Eye For Film >> Movies >> The Vibrant Village (2019) Film Review
The Vibrant Village
Reviewed by: Amber Wilkinson
The neon pink title card offers a tiny clue as to where this delightful slice-of-life documentary might take us - something unexpected is being made in the tiny Hungarian village of Börcs.
It's unlikely you'll guess what that something is, initially, as documentarian Weronika Jurkiewicz and cinematographer André Cruz roam the streets with a camera capturing the houses almost like still life, where it not for the occasional kid's scooter zipping by - or in just one example of the way the director finds humour in mirroring - a motability scooter trundling past in the opposite direction.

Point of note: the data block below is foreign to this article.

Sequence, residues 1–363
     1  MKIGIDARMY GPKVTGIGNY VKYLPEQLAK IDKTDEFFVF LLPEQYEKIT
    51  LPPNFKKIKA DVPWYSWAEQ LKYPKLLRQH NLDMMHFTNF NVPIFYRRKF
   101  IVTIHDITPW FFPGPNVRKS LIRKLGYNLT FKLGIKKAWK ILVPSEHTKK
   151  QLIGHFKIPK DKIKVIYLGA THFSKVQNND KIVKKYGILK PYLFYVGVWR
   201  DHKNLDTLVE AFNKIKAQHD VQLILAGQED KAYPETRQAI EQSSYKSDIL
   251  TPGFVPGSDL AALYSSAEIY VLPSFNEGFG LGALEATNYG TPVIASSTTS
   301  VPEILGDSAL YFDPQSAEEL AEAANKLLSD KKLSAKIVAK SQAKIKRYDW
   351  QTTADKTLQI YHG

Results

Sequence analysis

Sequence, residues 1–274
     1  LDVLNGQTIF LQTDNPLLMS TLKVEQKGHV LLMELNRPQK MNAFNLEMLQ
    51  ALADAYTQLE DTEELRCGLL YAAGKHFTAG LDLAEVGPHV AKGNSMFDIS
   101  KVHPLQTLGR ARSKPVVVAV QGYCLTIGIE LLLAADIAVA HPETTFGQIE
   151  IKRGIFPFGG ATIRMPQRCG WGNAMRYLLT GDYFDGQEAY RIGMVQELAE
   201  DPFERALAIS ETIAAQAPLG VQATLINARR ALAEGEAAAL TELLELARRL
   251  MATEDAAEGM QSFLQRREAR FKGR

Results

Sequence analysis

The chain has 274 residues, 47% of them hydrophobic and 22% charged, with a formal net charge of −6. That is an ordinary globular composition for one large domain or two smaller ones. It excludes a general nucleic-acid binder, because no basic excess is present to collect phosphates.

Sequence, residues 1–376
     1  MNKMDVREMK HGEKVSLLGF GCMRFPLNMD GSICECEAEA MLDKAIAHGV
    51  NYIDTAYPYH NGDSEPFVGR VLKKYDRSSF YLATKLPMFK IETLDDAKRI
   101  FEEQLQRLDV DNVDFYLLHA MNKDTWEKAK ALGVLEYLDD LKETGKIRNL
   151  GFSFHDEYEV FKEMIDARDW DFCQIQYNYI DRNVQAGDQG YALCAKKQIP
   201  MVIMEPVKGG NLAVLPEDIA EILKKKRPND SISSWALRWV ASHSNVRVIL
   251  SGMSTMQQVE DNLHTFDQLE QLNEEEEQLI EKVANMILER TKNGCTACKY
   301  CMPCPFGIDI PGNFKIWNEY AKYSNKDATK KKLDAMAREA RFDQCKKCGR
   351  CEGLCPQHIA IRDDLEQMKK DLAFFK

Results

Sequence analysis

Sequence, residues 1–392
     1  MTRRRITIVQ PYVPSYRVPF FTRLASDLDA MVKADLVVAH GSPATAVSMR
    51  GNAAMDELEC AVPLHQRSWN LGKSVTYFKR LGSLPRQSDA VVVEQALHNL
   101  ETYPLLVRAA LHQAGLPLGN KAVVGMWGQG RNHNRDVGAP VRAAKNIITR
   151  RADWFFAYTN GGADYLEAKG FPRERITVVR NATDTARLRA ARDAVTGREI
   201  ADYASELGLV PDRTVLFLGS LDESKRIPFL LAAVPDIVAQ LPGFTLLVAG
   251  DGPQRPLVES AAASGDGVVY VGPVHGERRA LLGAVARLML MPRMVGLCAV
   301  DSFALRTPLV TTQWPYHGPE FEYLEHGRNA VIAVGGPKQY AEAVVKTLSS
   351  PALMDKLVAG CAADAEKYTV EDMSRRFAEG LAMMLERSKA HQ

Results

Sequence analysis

In one corner of the village men are gradually filling a small bar, drinking and exchanging idle chat. In another, women, all with immaculate nail polish are producing something - something that requires tiny soldered circuit boards and whose parts include a piece that is taken from the mold with a satisfying "thwock". In the centre and, connected at least on some level to both, stands a Catholic church, singing flowing out of it, elsewhere there's a buzz of a different kind.
Jurkiewicz drinks in all the life the village offers, almost imperceptibly soldering her own connections between the external environments and the internal, the women and the men, the traditional and the unexpected. This is Jurkiewicz's first film - with this sort of eye and ear for detail, I doubt it'll be her last.Reviewed on: 03 Oct 2021